Japan's Akane Yamaguchi continued her march toward a second straight women's singles badminton world championship with a 21-19, 21-12 victory over South Korea's An Se Young in Saturday's semifinals.
The world No. 1 will battle Tokyo Olympic gold medalist Chen Yufei of China in the final on Sunday, the last day of the BWF World Championship at Tokyo Metropolitan Gymnasium.
Yamaguchi outlasted the third-seeded An in a tough first game, clinching it with two consecutive points after the scores were deadlocked 19-19.
She ran away with the second game, winning eight straight points before closing out the match in 43 minutes.
"I think I was able to play assertively without backing down," Yamaguchi said. "It's not often that the world championships are held in Japan, so I'm happy to play the maximum number of matches here."
The fourth-seeded Chen earlier came back from a game down to beat Taiwan's Tai Tzu-ying 15-21, 21-14, 21-18 in their semifinal.
Japan's Yuta Watanabe and Arisa Higashino will play for the mixed doubles crown after a dominant 21-8, 21-6 semifinal victory over Germany's Mark Lamsfuss and Isabel Lohau.
The Japanese third seeds took just 28 minutes to put away their ninth-seeded opponents and advance to their second consecutive world championship final, in which they will face Chinese top seeds and Tokyo Olympic silver medalists Zheng Siwei and Huang Yaqiong.
"Match by match, we've been rounding into really good condition," Higashino said. "I wasn't at my best (in the semifinal), but Yuta gave a top performance and carried us through."
Watanabe and Higashino were runners-up at last December's worlds in Huelva, Spain, in the wake of their bronze medal-winning performance at the Tokyo Games.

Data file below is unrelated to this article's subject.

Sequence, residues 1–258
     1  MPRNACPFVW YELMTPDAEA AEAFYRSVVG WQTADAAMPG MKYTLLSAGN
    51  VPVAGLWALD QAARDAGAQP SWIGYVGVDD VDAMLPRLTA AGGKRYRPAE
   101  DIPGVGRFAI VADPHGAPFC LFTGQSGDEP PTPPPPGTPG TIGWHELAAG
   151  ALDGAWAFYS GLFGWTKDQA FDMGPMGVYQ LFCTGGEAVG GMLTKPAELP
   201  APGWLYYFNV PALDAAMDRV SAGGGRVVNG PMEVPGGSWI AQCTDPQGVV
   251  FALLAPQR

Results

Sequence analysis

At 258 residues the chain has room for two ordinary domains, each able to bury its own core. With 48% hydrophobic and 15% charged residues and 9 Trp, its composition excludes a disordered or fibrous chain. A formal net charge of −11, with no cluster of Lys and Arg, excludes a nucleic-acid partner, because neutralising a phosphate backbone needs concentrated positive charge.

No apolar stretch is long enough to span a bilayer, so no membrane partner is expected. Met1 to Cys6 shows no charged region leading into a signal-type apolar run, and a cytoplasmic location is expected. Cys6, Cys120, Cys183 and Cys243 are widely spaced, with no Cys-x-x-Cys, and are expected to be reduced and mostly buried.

Wakana Nagahara and Mayu Matsumoto's quest to reclaim their women's doubles crown ended earlier with a 21-13, 21-14 semifinal loss to the reigning queens of the court, China's world No. 1 pair of Chen Qingchen and Jia Yifan.
Known to fans by the nickname "Nagamatsu," the sixth seeds had to settle for bronze again after another semifinal loss to Chen and Jia, who beat the Japanese duo at the same stage last year in Huelva.
Chen and Jia never trailed in the first game and remained in front after going up 4-3 in the second at Tokyo Metropolitan Gymnasium.
"The Chinese pair really had no holes in their game," Nagahara said. "They were solid attacking and receiving, and we want to be on that level as well. Our receiving wasn't good, and I want to reflect on that."
Nagahara and Matsumoto, back-to-back world champions in 2018 and 2019, have reached the podium at four straight world championships, where losing semifinalists are awarded bronze medals.
"The challenge from here is how we can improve our attack to where it should be," Matsumoto said. "I want to find out through practice."
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